Pioneers Supercharge the Electromobility MarketThu, 09/01/2016 - 12:47
Q: How committed is Volvo to the development of electric and hybrid technology?
A: Volvo has engaged in electromobility since the early 1970s, making us industry pioneers. During the 1990s, even before environmental awareness topped the agenda, Volvo developed its first hybrid system, the Environmental Concept Bus. As energy and environmental perceptions began shifting, especially after the Kyoto Protocol, the push for these products led to innovations in transportation and energy consumption. Hybrids were the first generation of products in electromobility, recovering energy during braking and storing it in the vehicle’s battery. This technology required vehicles to operate under stop-andgo conditions, making buses and delivery trucks the two major targets for electromobility. The biggest challenge has been extending battery life, while achieving a balance between the vehicle’s weight and its power storage. Rising demand pushed Volvo Buses, with the help of the Swedish Energy Agency, to embark on hybrid vehicle development.
Q: To what extent have Mexican authorities supported Volvo in the implementation of this type of technology in Mexico City?
A: Cities must have multidisciplinary teams that understand our technology, bus operations, infrastructure and rolling stock. We have to work closely with the city government, which has not been an easy task as these types of matters must be consulted with seven departments, whose opinions are rarely the same across the board.
We have a consortium with ABB and a planning consultancy, IDOM, to develop a bus line in downtown Mexico City. The city government has shown interest in this, though we must still build a case and be open to alternative procedures and technology. The Metrobús runs a highly competent operation, so we are flattered that they have shown interest in our products. Mexico City is one of the most important cities in Latin America for us and we want cities to implement these solutions because they want to improve quality of life and the environment. Solutions need to balance out both sustainability and profitability.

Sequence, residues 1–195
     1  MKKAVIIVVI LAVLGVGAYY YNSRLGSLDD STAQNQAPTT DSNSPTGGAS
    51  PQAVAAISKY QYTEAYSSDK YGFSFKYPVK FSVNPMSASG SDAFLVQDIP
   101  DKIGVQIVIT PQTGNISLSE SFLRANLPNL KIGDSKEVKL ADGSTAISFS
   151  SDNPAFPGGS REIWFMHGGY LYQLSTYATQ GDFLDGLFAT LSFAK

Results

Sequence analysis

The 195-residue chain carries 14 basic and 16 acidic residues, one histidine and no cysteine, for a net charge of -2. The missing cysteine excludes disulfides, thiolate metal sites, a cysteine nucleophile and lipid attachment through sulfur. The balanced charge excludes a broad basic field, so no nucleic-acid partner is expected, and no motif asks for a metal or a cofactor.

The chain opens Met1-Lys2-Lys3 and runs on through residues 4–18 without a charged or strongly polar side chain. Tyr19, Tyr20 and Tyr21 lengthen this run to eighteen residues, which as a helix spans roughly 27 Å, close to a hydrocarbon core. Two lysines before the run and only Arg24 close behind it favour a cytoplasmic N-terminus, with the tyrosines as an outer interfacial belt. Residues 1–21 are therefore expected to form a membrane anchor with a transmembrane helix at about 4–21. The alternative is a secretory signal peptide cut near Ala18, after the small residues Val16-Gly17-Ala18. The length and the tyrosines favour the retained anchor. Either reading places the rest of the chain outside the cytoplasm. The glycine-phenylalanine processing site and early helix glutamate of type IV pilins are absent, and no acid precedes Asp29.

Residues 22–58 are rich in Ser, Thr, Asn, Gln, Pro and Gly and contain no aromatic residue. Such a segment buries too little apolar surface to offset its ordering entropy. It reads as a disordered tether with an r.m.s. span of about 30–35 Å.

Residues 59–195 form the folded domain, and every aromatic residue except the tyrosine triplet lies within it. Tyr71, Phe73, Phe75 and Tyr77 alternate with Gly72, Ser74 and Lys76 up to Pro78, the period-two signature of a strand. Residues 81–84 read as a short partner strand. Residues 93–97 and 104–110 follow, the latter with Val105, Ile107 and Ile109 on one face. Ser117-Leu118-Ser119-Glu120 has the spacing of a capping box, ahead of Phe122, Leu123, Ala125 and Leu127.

In 2015, Volvo signed a Memorandum of Understanding (MOU) with Mexico City’s government to advance electromobility in the city. We expect that our hybrid technology will be the first to be implemented, once operators and users become accustomed to the idea of innovative technology providing a better service, takes care of the environment and minimizes noise pollution.
Q: What are the challenges related to charging station infrastructure and how have you overcome them?
A: Our biggest challenge so far has been building the infrastructure as it depends heavily on the city, its design and its legislation. Supercapacitors, an emerging technology, have the advantage of potentiating energy but they lack retention capacity and have very short life spans. Therefore, multiple supercapacitors would be needed at each high-powered station for every bus.
As a solution, Volvo installed high-powered batteries in its hybrid vehicles adapted to store 5kWh. Our electric hybrids are adapted with 9kWh batteries, while our purely electric vehicles have four batteries of the same capacity. The average bus route in Mexico City is 15km long, short enough for buses to reach the end terminal to charge for three to six minutes while passengers board at the terminal. We also decided that rather than selling the batteries, we would sell their usage. Volvo provides all the necessary maintenance and replacements. The Volvo package includes a high-performance hybrid bus, a battery and maintenance contract, as well as our telematics service.
Collaborating with Siemens and ABB led us to develop a charging station encompassing a transformer connected to the high power line. Since a pantograph is only needed for the charging process, we minimize costs and risks by installing them at each station, rather than on each bus. This allows us to minimize infrastructure investment. The synchronization between bus and terminal presents the biggest challenge, apart from deciding the location of the charging stations. Their weight and size have to be considered in advance, in addition to any special permits and terminal design requirements.